Sheila Warren is the Head of Blockchain and Distributed Ledger Technology at the World Economic Forum. Sumedha Deshmukh is a Project Specialist on the Blockchain and Distributed Ledger Technology team at the World Economic Forum. The opinions expressed here are their own.
If the last few years have taught us one thing, it’s this: Users are not magically protected as technology evolves. Rather, user protection is something that occurs as the result of intention, commitment and deliberate design. Without this dedication from the outset, the trajectory of a technology’s development can, and often does, carry significant and far-reaching consequences.
As blockchain pursuits move from buzzword to business case, the technology is fast approaching an inflection point. With $12.4 billion in projected spending by 2022 and high-profile announcements from actors like Facebook, central banks and global mining and metals companies, the decisions made by builders today will have ripple effects on significant swaths of the population for years to come.
In fact, blockchain has already experienced the consequences of not designing with the rights of users in mind.
In 2017 and 2018, the sudden rise and subsequent fall of initial coin offerings (ICO) provided a case study of what can go wrong with instances of fraud, unsustainable business models and significant losses to non-savvy consumers. For example, one 2018 study identified more than 80 percent of ICOs conducted in 2017 as scams.
This potential for misuse caught the attention of legislators and policymakers, but in many instances it was too late. If blockchain is truly looking to scale in its next phase, repeating these mistakes is not an option.
What’s at stake?
This new wave of development offers an opportunity to correct course. However, if organizations in a rush to act first don’t learn from the past, the technology faces several existential threats:
Risks to users. The world has learned the hard way that bottom-line protections for users need to be considered at the outset of product design, especially when it comes to data. Blockchain’s properties as a foundational technology make these considerations particularly important, given the harm and follow-on effects that can come from potential breaches.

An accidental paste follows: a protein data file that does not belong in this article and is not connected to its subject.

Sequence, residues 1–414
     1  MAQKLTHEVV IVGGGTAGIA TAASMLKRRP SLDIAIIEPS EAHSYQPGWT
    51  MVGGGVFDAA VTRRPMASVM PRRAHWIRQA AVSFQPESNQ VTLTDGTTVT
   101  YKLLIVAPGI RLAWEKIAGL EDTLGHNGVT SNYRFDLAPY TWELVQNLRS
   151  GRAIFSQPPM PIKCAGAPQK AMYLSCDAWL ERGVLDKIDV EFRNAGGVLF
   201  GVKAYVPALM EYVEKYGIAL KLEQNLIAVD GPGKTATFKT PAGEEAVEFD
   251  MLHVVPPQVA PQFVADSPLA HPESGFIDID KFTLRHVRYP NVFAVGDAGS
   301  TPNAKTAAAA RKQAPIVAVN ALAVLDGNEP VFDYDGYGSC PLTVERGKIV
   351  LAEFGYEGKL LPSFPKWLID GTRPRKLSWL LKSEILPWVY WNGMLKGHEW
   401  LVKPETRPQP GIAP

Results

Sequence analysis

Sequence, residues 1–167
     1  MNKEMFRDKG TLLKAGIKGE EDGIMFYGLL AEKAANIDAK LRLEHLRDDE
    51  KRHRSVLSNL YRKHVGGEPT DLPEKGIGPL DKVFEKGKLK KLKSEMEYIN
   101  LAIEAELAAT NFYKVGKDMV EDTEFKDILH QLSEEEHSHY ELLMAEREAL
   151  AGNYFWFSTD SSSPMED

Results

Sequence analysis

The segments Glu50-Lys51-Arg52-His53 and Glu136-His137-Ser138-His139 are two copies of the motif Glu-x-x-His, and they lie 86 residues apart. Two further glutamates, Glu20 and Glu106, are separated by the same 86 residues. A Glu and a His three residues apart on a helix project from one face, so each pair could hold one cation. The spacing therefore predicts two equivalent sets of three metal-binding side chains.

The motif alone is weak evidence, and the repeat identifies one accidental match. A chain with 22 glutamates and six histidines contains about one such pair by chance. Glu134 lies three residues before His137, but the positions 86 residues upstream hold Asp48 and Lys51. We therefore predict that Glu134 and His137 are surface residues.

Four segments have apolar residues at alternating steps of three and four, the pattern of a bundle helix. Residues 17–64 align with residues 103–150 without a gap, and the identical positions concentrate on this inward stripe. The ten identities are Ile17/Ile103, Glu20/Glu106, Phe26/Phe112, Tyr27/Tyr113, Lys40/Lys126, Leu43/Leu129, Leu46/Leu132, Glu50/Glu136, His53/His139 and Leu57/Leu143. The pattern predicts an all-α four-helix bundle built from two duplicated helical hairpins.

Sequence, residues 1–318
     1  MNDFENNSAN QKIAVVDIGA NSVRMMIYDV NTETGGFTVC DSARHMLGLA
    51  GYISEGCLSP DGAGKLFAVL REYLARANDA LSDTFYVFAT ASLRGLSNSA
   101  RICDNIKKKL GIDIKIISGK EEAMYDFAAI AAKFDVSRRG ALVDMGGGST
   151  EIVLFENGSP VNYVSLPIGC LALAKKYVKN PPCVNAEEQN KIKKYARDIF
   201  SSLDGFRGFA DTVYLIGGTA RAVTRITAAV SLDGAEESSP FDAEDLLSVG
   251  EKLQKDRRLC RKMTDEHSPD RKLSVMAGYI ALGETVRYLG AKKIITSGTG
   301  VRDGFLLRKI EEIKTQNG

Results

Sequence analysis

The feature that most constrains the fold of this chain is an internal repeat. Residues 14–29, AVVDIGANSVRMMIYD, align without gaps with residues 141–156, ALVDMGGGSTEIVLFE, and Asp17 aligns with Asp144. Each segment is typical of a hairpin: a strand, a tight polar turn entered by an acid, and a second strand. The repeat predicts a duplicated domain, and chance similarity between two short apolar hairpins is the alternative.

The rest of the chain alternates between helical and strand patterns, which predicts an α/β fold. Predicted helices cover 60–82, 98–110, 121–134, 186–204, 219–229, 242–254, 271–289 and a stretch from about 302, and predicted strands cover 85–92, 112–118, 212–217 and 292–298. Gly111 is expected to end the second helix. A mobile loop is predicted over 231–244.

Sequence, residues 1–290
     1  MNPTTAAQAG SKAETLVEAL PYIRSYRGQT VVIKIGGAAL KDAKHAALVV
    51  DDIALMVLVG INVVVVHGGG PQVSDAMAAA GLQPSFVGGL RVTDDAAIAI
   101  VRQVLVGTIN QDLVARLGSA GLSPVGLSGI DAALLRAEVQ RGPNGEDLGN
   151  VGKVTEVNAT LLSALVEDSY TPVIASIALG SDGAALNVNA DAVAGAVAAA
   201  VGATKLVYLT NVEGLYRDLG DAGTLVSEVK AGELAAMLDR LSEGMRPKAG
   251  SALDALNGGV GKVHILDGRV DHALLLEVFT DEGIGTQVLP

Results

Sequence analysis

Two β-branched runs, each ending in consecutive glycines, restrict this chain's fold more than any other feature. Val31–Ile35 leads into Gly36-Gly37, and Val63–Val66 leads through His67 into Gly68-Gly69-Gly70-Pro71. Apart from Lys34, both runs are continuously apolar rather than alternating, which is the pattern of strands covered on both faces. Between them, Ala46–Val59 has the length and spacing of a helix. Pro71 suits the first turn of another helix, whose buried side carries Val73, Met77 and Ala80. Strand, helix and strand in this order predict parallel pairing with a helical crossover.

Potential for transformational change can be undermined. Those with sophisticated knowledge may have the opportunity to exploit their advantages – whether to intentionally harm consumers or to suppress the market through anti-competitive actions. This behavior weakens the very premise of decentralization, which was initiated to provide censorship-resistance, privacy and a level playing field for entrants.
Widening existing gaps. Transformation is most likely to happen in places that can leapfrog, like high-growth economies. Despite talk of the potential for financial inclusion, if not designed carefully, blockchain can lead to the further exclusion and exploitation of vulnerable populations.
What can be done?
As with any technology, the ultimate promises and perils of blockchain technology will come down to individual decisions made across its strategy, development and implementation. It’s impossible to control all these design choices but there is still room for alignment among key players on what the minimum standards for the technology should be.
That’s why the World Economic Forum’s Global Blockchain Council is creating a “Blockchain Bill of Rights: Design Principles for a Decentralized Future.”
The document has been co-designed by some of the foremost leaders in the space.
The goal is to align private-sector leaders, policymakers and consumers in a fundamental vision of how users can and should be protected as blockchain technology develops, particularly around the following pillars:
- Agency and interoperability: The right to own and manage data.
- Privacy and security: The right to data protection.
- Transparency and accessibility: The right to information about the system.
- Accountability and governance: The right to understand available recourse.
Acting now, we hope to enable citizens, policymakers and technology users to leverage these principles as they seek to bring greater accountability to the systems that power our societies.
An initial draft of the Blockchain Bill of Rights will be tested at the World Economic Forum Annual Meeting in Davos, Switzerland, from Jan. 21-24, 2020. Over the course of the year, the Council will solicit input into the document via roundtables and interviews.
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